Retiring Indonesia's coal plants early to cost $53b and boost green jobs, study finds

Indonesia generates about 60 per cent of its electricity from coal. PHOTO: AFP

SINGAPORE - Retiring Indonesia's entire fleet of coal-fired power plants by 2040 will cost US$37 billion (S$53.2 billion) and put the nation on track to meet its mid-century net-zero emissions target, a study released on Thursday shows.

The analysis by TransitionZero, a climate analytics non-profit, found that retiring the fleet a decade earlier than planned would save 1.7 billion tonnes of carbon dioxide (CO2), equivalent to almost three years of Indonesia's annual CO2 emissions.

Accelerating the green transition would also create more jobs, it found.

Indonesia generates about 60 per cent of its electricity from coal, and last year set a goal to achieve net-zero emissions by 2060 to help limit global warming to 1.5 deg C above pre-industrial levels.

But achieving this target is tough because of generous state subsidies for coal and attractive power purchasing agreements with plant owners.

The nation, the world's top thermal coal exporter, is heavily reliant on subsidised coal for power generation and also offers power purchasing contracts that guarantee a fixed fee to some plant owners regardless of the amount of power they generate.

These capacity payments can cost the government billions of dollars a year because the main Java-Bali grid is currently oversupplied with electricity, meaning some power plants are running well below operating capacity.

Such overpayments risk defeating efforts to achieve energy security at the lowest cost possible, analysts say.

In addition, coal subsidies are costing the government about US$10 billion a year, TransitionZero said.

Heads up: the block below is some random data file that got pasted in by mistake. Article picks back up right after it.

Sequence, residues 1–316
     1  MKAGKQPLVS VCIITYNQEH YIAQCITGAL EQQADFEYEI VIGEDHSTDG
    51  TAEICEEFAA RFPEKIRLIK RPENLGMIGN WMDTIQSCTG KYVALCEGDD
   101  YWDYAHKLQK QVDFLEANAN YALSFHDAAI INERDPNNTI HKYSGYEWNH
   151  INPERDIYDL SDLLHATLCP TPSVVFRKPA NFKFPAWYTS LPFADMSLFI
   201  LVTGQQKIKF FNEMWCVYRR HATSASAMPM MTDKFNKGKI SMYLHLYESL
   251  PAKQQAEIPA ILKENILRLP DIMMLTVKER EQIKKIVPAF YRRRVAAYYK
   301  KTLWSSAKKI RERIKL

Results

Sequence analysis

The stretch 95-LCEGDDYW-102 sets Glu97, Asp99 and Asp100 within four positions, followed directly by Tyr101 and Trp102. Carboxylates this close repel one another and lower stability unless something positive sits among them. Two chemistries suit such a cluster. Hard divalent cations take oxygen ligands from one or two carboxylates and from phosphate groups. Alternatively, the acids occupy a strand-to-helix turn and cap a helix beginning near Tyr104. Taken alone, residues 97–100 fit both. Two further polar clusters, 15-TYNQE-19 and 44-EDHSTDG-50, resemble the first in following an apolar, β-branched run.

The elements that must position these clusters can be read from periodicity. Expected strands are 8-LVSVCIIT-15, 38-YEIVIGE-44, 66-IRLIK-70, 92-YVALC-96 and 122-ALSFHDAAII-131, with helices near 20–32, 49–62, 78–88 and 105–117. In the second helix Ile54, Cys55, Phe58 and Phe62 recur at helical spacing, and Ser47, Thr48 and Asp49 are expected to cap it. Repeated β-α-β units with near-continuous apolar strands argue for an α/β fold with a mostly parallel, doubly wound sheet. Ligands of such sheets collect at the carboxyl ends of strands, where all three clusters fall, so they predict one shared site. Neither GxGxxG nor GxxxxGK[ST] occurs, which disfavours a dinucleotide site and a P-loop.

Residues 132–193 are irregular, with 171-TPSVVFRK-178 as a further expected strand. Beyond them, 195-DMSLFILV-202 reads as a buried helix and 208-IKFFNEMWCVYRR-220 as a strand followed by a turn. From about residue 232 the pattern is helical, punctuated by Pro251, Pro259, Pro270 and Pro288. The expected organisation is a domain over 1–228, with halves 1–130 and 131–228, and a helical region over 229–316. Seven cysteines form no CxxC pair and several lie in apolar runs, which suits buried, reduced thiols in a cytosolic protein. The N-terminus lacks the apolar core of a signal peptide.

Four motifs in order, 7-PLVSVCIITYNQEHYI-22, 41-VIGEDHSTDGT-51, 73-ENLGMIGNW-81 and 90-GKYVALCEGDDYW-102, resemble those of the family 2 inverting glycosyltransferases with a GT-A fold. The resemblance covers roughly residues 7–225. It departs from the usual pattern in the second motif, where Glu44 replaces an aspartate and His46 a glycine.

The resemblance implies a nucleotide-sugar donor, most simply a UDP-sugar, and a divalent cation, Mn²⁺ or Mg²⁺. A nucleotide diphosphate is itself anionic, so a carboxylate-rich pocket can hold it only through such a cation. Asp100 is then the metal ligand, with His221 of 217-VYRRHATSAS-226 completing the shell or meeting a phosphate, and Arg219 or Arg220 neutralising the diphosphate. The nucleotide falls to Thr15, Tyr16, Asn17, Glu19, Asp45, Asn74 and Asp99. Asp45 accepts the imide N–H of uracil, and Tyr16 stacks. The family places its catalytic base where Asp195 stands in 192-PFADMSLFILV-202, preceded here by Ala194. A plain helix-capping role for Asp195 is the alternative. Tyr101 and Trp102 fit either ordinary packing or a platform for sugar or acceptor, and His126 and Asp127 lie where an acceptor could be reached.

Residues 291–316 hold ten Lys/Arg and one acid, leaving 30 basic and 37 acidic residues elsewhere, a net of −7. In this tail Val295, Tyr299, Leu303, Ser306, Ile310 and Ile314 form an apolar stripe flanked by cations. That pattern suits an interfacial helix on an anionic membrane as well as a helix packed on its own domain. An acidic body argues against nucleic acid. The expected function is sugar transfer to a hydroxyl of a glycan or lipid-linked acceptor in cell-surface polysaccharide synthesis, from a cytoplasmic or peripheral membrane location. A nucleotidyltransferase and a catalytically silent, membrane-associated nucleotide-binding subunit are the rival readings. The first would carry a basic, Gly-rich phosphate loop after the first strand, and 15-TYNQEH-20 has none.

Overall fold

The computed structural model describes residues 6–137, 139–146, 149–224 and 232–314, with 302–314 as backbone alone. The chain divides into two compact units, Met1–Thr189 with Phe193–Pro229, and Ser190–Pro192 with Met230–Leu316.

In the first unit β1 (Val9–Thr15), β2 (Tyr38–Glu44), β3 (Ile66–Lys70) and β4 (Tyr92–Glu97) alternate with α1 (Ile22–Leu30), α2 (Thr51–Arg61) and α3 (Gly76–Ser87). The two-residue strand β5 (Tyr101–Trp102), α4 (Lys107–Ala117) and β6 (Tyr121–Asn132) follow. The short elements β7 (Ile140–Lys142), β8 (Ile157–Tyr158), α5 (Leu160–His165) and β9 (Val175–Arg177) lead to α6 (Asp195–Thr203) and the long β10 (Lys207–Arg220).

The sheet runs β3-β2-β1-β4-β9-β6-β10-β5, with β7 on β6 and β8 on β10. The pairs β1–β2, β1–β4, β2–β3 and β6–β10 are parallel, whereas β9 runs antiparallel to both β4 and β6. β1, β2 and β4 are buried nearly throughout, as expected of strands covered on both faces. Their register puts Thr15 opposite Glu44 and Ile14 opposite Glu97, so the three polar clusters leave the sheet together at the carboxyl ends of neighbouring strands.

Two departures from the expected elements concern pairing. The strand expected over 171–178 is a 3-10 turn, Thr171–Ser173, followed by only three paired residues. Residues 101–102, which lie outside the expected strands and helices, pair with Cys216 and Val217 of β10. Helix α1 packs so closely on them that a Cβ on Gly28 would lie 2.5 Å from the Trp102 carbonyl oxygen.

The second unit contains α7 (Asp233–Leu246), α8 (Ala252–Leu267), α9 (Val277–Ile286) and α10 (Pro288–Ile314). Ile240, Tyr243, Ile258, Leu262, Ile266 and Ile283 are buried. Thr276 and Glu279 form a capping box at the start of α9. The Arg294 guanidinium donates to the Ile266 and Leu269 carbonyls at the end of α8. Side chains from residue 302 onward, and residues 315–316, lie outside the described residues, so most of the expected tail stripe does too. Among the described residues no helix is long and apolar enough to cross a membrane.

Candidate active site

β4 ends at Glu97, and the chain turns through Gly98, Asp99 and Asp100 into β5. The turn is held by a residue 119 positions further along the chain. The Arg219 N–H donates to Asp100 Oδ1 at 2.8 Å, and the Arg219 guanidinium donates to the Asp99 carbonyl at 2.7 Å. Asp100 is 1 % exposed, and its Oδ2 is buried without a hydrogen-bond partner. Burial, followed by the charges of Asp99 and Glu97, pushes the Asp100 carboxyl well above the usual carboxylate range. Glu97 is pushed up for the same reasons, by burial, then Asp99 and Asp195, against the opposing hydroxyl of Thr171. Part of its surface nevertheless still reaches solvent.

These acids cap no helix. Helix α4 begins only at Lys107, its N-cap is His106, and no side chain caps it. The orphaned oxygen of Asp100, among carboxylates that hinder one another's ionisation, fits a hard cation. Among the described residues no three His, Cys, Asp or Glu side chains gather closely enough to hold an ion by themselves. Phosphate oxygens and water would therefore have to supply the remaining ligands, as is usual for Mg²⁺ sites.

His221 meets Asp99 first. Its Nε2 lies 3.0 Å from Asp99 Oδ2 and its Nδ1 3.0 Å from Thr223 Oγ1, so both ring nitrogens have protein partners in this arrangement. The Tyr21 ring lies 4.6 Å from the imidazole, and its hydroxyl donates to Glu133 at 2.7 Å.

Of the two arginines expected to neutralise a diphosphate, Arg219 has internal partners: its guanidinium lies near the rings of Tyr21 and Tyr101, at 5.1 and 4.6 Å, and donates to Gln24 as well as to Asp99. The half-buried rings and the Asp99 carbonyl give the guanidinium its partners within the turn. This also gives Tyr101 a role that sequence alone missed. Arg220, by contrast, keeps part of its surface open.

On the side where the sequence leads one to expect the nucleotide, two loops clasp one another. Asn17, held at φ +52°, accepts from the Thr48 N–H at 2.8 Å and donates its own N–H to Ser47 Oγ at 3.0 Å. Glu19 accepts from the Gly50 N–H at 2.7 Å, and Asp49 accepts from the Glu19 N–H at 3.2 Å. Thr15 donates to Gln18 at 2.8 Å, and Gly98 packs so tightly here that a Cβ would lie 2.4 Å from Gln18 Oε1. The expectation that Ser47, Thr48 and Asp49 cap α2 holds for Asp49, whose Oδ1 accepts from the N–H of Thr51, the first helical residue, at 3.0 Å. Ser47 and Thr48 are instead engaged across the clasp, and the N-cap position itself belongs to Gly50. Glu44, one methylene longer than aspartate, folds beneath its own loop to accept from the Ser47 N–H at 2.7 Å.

The government mandates that coal miners must supply about a quarter of their annual production to state utility Perusahaan Listrik Negara at a subsidised price.

Last December, the World Bank urged Indonesia to end the coal subsidy policy, which it said has encouraged the use of the dirty fuel in electricity generation.

Ms Jacqueline Tao, analyst at TransitionZero, said the US$37 billion could buy out up to 10 years of future coal generation by purchasing 10 years' worth of power purchasing agreements - essentially compensation payments.

"This finance would not only align with Indonesia's net-zero pledge and international climate goals, but would also enable Indonesia to wean off coal earlier than planned."

She added the findings highlighted the potential for clean energy jobs at power plants, which would outweigh coal closure job losses by 6 to 1.

Indonesia has been actively seeking financial support to accelerate coal plant closures.

In September, the government issued a regulation to encourage renewable energy use, including a plan to retire some coal plants early, a presidential decree said.

The authorities have been instructed to create a plan for early retirement of some coal power plants and the government could help absorb any losses incurred, Reuters reported.

Indonesia and the Philippines have also backed a pilot programme by the Asian Development Bank (ADB), which the bank says has the potential to be one of the biggest carbon reduction programmes in the world.

According to the ADB, retiring half the fleet of its three pilot countries, Indonesia, the Philippines, and Vietnam, could cut 200 million tonnes of CO2 annually - the equivalent of taking 61 million cars off the road.

The programme, called the Energy Transition Mechanism (ETM), would ultimately comprise separate funds for the early retirement or repurposing of coal-fired power plants and clean-energy investments.

The pilot seeks to retire or repurpose five to seven coal-fired power plants in the pilot countries in the near-term. The programme would require billions of dollars in funding to succeed.

An ETM partnership involving Indonesia and the Philippines was launched last year, and the ADB says further progress may be announced at the Group of 20 summit in Bali next month.

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